Wednesday, November 16, 2011

Further Reflections on the Decline Effect

A recent conversation with Carleen got me thinking again about the decline effect. Turns out that Lehrer wrote two other articles on the subject: "More Thoughts on the Decline Effect" (in the New Yorker) and "Is Corporate Research Better?" (in his Wired blog, "The Frontal Cortex"). Both are really interesting, but something stood out to me in the former. Lehrer writes:
If false results can get replicated, then how do we demarcate science from pseudoscience? And how can we be sure that anything—even a multiply confirmed finding—is true?
It strikes me as a blunder to confused the issue of demarcation and error. The decline effect reminds us that even replicated results can be incorrect. But this doesn't clearly raise the demarcation problem. Rather, it raises the pressing question of how confident we ought to be in the deliverances of scientific theories. His second article (on corporate research) suggests that at least many in industry are taking a more skeptical outlook on basic science, since their monetary stakes are quite high. . . .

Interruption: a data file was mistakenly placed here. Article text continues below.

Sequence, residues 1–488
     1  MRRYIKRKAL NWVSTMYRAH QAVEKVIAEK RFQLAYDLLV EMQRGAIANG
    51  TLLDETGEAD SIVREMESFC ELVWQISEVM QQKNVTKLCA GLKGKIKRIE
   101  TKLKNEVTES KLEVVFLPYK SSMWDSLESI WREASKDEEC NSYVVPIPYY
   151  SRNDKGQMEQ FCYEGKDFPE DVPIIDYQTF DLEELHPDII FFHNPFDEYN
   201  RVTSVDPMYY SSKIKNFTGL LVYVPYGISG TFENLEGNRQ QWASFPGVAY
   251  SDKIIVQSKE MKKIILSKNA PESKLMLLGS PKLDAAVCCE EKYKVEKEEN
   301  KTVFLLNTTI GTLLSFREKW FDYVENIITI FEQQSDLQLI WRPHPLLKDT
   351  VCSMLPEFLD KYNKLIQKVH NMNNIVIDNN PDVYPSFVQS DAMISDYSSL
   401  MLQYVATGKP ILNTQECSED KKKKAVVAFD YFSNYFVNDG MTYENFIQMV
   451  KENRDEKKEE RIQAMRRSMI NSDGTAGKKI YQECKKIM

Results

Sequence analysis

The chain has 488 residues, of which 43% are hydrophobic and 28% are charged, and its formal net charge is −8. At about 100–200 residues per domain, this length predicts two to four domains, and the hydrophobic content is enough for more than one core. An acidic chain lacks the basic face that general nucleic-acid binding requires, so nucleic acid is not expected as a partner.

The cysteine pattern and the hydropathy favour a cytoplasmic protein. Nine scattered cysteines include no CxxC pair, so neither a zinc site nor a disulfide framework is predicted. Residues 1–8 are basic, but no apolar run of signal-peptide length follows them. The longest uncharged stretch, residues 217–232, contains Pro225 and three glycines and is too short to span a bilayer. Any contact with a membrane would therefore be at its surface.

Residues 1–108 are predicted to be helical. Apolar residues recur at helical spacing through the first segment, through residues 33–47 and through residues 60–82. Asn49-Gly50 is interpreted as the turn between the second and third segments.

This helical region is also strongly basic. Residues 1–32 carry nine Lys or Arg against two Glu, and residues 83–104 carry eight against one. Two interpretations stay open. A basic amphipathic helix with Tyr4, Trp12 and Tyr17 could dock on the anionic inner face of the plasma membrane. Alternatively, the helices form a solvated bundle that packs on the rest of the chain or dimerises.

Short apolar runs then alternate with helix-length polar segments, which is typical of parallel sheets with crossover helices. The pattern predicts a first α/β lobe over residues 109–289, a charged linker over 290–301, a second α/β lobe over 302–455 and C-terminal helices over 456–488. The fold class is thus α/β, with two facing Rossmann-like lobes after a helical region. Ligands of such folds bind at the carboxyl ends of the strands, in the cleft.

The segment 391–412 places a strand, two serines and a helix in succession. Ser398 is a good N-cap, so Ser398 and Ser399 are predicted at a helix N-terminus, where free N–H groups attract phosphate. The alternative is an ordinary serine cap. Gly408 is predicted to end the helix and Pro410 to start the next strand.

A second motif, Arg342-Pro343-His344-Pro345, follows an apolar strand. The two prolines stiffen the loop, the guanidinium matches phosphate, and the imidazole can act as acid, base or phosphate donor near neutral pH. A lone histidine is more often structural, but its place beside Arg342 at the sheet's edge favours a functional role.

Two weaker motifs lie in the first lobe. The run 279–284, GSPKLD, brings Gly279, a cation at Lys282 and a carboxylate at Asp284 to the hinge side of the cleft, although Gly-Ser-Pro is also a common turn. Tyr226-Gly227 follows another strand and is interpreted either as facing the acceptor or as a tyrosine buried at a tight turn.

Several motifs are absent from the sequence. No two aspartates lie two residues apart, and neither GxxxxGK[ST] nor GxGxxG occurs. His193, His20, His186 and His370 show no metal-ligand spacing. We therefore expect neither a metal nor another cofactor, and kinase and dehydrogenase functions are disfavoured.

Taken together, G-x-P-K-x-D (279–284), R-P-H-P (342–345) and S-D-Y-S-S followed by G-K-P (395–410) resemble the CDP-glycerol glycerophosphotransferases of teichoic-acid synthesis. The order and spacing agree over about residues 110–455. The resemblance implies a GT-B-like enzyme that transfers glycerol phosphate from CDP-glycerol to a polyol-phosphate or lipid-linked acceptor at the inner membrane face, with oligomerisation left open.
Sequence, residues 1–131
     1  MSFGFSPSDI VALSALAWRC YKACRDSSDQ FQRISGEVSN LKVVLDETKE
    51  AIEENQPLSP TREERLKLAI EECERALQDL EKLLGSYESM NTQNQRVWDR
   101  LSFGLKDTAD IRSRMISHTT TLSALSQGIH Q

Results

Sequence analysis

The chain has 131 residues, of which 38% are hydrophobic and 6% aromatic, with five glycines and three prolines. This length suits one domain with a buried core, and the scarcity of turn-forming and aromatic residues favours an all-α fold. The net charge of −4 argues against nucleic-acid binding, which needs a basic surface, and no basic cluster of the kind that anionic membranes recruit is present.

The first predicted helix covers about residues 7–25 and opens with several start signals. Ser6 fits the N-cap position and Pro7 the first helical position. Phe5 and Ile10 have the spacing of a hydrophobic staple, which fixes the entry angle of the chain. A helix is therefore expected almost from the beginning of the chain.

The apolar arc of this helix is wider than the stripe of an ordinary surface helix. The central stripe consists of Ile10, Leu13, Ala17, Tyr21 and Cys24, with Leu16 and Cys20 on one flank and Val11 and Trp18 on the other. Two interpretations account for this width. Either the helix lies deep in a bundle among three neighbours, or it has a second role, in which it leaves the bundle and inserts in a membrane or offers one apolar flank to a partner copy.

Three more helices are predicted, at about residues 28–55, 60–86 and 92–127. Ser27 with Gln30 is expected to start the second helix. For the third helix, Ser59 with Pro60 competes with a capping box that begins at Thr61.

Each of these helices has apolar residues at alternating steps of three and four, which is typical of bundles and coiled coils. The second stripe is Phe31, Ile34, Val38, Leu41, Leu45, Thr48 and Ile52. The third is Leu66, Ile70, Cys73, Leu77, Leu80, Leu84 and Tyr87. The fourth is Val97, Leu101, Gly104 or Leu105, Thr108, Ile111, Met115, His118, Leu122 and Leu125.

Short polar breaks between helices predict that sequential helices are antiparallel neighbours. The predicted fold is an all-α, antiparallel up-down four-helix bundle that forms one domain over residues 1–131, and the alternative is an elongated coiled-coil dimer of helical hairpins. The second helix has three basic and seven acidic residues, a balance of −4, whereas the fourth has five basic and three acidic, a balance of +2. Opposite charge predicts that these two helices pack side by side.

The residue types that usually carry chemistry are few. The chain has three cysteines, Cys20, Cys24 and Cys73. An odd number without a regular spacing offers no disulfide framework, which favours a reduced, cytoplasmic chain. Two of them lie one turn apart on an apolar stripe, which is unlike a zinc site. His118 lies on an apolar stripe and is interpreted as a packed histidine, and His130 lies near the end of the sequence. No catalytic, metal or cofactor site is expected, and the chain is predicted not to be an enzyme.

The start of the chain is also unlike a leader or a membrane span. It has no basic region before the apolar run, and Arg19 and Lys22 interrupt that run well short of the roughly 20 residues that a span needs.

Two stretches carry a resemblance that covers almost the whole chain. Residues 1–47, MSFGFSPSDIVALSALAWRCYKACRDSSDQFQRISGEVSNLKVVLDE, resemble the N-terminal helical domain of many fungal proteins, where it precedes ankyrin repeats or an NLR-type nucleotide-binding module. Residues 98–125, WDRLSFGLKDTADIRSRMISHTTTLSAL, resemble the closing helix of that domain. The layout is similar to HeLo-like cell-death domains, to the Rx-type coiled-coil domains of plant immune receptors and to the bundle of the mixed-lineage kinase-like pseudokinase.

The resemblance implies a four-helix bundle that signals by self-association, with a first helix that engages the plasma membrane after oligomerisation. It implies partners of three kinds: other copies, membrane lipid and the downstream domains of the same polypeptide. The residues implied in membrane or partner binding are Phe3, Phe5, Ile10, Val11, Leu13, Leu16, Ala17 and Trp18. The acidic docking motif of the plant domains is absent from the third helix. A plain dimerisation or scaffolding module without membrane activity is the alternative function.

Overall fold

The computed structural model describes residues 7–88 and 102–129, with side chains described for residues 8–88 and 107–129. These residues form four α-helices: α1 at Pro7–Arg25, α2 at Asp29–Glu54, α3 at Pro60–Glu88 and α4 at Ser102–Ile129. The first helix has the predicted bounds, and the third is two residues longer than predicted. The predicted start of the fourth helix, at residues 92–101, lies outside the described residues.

The former article continues:
These questions have no easy answers. However, I think the decline effect is an important reminder that we shouldn’t simply reassure ourselves with platitudes about the rigors of replication or the inevitable corrections of peer review. Although we often pretend that experiments settle the truth for us—that we are mere passive observers, dutifully recording the facts—the reality of science is a lot messier. It is an intensely human process, shaped by all of our usual talents, tendencies, and flaws.
With this I think we can agree.

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